A unique workshop co-hosted by HealthTech Build & the Martin Trust Center for MIT Entrepreneurship

Facilitators Leo Anthony Celi, Dawei Liu, and Erez Kaminski led deep dive discussions in three breakout sessions.

Leo Anthony Celi

Principal Research Scientist at the MIT Laboratory for Computational Physiology, ICU Physician at Beth Israel Deaconess, Associate Professor of Medicine at Harvard Medical School

Discussion highlights: The Harms of AI Bias

  • A key challenge to deploying AI in healthcare is the amount of bias that exists in AI data sources and the AI development process.
  • Large Language Models (LLMs) can provide especially poor medical assistance as they are commonly trained on biased data. For example, a CT scan may often be recommended if you are white, but if you are black, the same CT scan may not be recommended.
  • The underlying data sets, such as electronic health records and clinical trial data used to create AI, often come from a single predominant population (i.e., white and/or male). For instance, the Framingham Heart Study is used all over the world, yet it could be very inaccurate for a person living in Uganda. The data is also shaped by the biased decision-making of the people who input the data.
  • Part of the problem is that data scientists designing AI have a short-term cycle. The validation of the data model isn’t sufficiently valued; the focus is on trees and neural nets. There should be more questions asked about which populations might be missing from the database or how the clinical decisions in the database might be biased. Moreover, the data scientists who built the AI may not be involved when it’s actually deployed in the real world among diverse populations.
  • To fix this, we need a better recognition of the extent of the problem and new approaches. We need more experiments with data sets, for example, generating simulated databases where the world is fair.
  • We also need to consider the AI developers and ask if their lived experiences are diverse or if they share the same blind spots as the people who generated the data. One solution is to encourage AI teams to include a social scientist in their group, which can help them ask the right questions.

Dawei Liu

Global Artificial Intelligence Lead at Olympus

Discussion highlights: Challenges of AI data

  • There are significant challenges to building AI systems to assist with image recognition. For example, polyp recognition in colonoscopy screenings is immensely challenging because it involves bringing together disparate and inadequately labeled data sets.
  • Different companies have manufactured the machines in current operation for colonoscopies over a period of decades. The scopes employ different software to generate and store the images in different ways and often these image files will not indicate which manufacturer and model was used to generate them. The hospitals and clinics that operate the machines also have varying ways to store the imagery data. It is typically stored separately from medical records data that could provide context about the patient and identification of polyps from the scan.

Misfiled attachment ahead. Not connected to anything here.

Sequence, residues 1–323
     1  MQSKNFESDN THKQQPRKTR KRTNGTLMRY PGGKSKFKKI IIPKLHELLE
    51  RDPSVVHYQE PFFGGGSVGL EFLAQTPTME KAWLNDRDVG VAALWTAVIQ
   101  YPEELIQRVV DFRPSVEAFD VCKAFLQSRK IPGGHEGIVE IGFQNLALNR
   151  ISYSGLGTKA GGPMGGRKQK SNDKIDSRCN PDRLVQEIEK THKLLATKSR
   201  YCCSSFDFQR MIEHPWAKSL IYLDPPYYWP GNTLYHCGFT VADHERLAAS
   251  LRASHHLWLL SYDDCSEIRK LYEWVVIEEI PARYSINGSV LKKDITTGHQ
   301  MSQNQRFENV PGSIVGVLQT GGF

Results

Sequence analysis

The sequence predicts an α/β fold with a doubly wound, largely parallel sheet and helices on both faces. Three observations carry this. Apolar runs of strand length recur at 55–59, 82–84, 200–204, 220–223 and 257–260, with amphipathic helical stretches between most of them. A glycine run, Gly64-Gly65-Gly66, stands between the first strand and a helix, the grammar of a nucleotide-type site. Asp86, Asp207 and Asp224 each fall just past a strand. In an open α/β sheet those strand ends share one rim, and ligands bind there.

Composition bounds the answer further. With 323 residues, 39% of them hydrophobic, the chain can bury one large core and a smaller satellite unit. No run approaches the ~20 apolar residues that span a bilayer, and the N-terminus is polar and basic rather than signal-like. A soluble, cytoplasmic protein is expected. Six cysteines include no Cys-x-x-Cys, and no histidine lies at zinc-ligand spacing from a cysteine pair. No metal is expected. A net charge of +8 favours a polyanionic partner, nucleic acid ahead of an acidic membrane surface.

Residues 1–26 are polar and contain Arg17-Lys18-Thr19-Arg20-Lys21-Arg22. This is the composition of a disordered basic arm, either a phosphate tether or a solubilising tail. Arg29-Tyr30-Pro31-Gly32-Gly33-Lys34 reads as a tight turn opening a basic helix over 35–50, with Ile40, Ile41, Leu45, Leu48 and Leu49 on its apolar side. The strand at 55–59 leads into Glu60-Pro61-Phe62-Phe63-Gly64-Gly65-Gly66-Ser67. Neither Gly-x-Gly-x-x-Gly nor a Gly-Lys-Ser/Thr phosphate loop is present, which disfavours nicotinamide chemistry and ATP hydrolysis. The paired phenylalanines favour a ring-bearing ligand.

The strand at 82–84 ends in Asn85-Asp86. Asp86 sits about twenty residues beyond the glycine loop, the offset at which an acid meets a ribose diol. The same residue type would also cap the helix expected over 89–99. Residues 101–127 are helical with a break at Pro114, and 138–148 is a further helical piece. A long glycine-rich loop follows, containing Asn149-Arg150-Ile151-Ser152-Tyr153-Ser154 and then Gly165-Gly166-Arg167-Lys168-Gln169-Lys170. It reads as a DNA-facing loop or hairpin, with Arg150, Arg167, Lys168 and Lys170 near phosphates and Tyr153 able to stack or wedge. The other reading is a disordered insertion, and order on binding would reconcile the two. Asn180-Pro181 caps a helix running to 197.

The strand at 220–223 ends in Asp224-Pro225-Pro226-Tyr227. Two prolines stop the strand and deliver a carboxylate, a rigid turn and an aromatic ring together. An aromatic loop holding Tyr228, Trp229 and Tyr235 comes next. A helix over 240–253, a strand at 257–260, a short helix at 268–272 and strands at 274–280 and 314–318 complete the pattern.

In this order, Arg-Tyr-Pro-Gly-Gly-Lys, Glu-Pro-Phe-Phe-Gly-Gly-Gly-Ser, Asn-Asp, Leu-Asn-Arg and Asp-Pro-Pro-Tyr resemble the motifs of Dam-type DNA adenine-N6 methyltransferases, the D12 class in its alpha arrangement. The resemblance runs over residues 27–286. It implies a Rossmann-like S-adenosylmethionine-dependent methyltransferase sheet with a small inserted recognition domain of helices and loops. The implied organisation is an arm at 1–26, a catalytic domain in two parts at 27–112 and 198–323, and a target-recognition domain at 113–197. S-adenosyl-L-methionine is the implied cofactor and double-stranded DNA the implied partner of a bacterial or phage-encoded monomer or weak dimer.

• These image files are very large and contain an immense amount of data, while only a very small amount of the video will actually show the moment that a polyp is identified.
  • For the AI researcher who wants to aggregate a colonoscopy data set, the process might start with a series of negotiations with individual clinics to acquire access to the data, conditional on compliance with patient consent and perhaps other requirements of an IRB.
  • It’s important to know what population was used to create the data set so that steps can be taken to reduce bias. Once the data set has been aggregated, experienced colonoscopy readers must review the images and determine which images show polyps.
  • Typically the most experienced physicians are not involved in this work and multiple steps of validation may be needed. In fact, the validation process is likely more expensive than the entire process of AI software creation, especially in healthcare which require human (rather than machine) validation and compliance with local and federal regulations.

Erez Kaminski

CEO and Founder of Ketryx Corporation

Discussion highlights: FDA Regulation and AI

  • In recent years, the systems which the FDA reviews and regulates are becoming more complicated, thus the regulatory submission process is becoming more complex.
  • At its essence, the FDA wants to have evidence that your device does what you say you say it does, which means identifying and documenting how patient risks are managed.
  • The validation of an AI system includes:

-Validation – Providing objective evidence that your system does what it says it does

-Risk-based approach – Telling the FDA what’s riskiest and documenting how these risks are addressed

-Continuous integration and deployment (CI/CD) – This step is very challenging since the FDA approval will require very extensive documentation that needs to be updated and tested with each deployment

  • To date, nearly all the AI devices that have been approved by the FDA have been in radiology imaging.
  • Large Language Models (LLMs) are in the early stages with the FDA and it’s still unclear where these models will fit.  It’s likely that LLM healthcare models initially will be for very narrow medical areas that can be clinically validated.